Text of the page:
Favorite scriptures and quotes from Church leaders and other wise men and women
doubt your doubts (Uchtdorf)
It is natural to have questions—the acorn of honest inquiry has often sprouted and matured into a great oak of understanding. There are few members of the Church who, at one time or another, have not wrestled with serious or sensitive questions. One of the purposes of the Church is to nurture and cultivate the seed of faith—even in the sometimes sandy soil of doubt and uncertainty. Faith is to hope for things which are not seen but which are true [seeHebrews 11:1; Alma 32:21]. President Dieterhttp://www.lds.org/prophets-and-apostles/unto-all-the-world/come-join-with-us?lang=eng F. Uchtdorf, October 2013 General Conference
The scriptures are our Father in Heaven’s letters; only He knows more than I did as a father what you and I would need. There are times in our lives when we need to open the letter and communicate with our Father in Heaven, and understand what He is like and His concern for us. I would like to share this morning, with you, four letters from my Father in Heaven that have been very important to me—that I hope will be indicative of the power that the scriptures can be for us as we face different trials and challenges of our lives.
The first letter is called "The Fourth Watch." That letter comes from the sixth chapter of Mark. The Savior has fed the five thousand that day, and in the late afternoon, early evening, He is sending his apostles down into the ship. He will dismiss the multitude. He wishes to pray that evening, and then He will meet the apostles a little later on the shore and they are to pick Him up. In late afternoon, early evening, the apostles get on the shi…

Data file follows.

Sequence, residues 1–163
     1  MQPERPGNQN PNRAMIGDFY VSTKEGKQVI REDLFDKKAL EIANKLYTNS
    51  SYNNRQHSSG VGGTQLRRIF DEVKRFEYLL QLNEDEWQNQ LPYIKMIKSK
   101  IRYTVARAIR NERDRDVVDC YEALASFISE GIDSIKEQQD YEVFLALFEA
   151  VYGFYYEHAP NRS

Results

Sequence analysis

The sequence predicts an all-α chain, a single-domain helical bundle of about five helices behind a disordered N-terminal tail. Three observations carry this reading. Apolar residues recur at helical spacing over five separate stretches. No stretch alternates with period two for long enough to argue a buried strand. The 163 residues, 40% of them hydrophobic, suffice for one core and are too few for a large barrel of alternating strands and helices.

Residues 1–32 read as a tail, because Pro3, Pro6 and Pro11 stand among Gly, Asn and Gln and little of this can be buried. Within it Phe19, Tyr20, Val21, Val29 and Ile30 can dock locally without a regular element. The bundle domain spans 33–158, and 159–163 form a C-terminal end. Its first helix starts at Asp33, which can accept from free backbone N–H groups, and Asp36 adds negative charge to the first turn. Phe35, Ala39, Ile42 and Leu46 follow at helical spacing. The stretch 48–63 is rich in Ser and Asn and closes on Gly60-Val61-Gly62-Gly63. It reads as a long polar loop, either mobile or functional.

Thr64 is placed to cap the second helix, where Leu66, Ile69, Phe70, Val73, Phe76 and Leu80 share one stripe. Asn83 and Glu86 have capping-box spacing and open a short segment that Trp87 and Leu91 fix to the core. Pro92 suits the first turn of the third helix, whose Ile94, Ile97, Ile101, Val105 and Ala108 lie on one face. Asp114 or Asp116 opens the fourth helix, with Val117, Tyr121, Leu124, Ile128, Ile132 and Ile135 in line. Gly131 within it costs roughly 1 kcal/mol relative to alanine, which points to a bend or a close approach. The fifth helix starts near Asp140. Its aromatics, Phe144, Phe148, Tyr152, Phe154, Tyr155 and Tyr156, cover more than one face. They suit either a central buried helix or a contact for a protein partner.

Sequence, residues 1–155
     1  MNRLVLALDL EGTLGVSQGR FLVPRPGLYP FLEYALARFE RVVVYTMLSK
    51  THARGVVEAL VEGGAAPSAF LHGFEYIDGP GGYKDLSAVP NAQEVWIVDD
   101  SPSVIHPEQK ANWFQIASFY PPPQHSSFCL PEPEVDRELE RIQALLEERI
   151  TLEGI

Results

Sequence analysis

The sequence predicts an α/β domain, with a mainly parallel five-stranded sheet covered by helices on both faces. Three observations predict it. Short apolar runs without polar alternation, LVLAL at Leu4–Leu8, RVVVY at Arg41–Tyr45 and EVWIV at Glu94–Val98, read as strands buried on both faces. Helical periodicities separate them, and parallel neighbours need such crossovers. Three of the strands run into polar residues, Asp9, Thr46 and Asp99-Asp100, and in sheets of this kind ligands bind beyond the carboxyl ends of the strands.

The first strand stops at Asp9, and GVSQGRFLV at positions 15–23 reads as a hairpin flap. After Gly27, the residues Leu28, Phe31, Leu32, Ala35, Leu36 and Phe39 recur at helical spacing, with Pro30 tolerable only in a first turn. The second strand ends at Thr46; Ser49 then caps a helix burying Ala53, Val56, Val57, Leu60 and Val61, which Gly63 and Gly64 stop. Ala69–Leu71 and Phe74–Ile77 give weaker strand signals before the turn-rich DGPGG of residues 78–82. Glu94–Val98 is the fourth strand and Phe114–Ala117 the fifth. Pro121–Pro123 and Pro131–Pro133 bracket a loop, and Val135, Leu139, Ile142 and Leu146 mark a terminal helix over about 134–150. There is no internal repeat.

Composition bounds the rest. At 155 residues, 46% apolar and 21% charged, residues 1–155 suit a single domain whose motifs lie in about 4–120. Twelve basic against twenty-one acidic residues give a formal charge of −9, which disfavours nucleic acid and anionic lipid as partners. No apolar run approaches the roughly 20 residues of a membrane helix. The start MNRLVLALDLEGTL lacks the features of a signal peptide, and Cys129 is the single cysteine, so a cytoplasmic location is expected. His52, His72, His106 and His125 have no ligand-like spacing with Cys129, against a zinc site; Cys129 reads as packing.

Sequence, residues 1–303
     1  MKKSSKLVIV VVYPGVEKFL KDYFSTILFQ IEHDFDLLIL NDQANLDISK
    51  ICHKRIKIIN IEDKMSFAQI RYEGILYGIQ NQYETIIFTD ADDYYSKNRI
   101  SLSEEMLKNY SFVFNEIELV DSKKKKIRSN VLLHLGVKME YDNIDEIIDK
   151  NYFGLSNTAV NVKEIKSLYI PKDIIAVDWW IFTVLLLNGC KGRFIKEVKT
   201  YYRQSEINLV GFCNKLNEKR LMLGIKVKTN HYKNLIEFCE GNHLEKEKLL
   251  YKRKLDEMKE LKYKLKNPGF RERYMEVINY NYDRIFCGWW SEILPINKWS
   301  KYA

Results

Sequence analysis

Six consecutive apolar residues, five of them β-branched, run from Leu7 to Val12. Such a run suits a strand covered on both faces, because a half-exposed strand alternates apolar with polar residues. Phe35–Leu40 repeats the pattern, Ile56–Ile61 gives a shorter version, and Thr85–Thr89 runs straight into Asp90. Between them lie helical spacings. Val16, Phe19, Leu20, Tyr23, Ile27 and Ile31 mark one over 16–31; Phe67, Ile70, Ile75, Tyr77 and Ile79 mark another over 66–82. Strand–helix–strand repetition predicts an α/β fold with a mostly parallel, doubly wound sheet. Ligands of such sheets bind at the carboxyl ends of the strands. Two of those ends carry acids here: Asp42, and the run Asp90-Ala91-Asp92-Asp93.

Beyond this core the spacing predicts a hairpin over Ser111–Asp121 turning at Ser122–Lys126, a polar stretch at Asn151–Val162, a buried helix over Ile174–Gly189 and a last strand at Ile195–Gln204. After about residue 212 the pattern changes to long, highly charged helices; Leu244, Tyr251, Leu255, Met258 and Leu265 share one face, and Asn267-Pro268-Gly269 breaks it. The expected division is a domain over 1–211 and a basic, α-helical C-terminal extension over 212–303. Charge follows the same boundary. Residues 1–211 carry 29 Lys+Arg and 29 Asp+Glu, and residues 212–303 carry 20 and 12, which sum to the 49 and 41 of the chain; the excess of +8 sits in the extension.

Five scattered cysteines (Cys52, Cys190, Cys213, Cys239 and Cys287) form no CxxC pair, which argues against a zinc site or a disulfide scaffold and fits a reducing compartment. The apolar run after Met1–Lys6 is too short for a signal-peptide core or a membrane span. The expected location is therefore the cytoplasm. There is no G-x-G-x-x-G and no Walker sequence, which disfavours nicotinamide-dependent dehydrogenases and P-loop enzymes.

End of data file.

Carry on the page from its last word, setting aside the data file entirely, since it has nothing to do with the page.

Bread or Stones: Understanding the God We Pray toDevotional Talk Given at Brigham Young University-Hawaii March 31, 2009 S. Michael Wilcox Religion Instructor & Author CES Institute of ReligionA number of years ago when my daughter was about your age, she was just out of high school, she went to one semester at BYU and then she got an opportunity to go to the Soviet Union (former Soviet Union) and teach English in Russia. Now this was before e-mail and cell phones, and communications between the United States and the Soviet Union were not going to be really good. She was eighteen; we were a little bit worried that there might be moments or times when she would need to talk with a parent, and not be able to because of communication difficulties. So I decided that I would write her a series of letters…
“Every person who lives in this world wields an influence, whether for good or for evil. It is not what he says alone; it is not alone what he does. It is what he is. ...Every person radiates what he or she really is. ...It is what we are and what we radiate that effects the people around us.”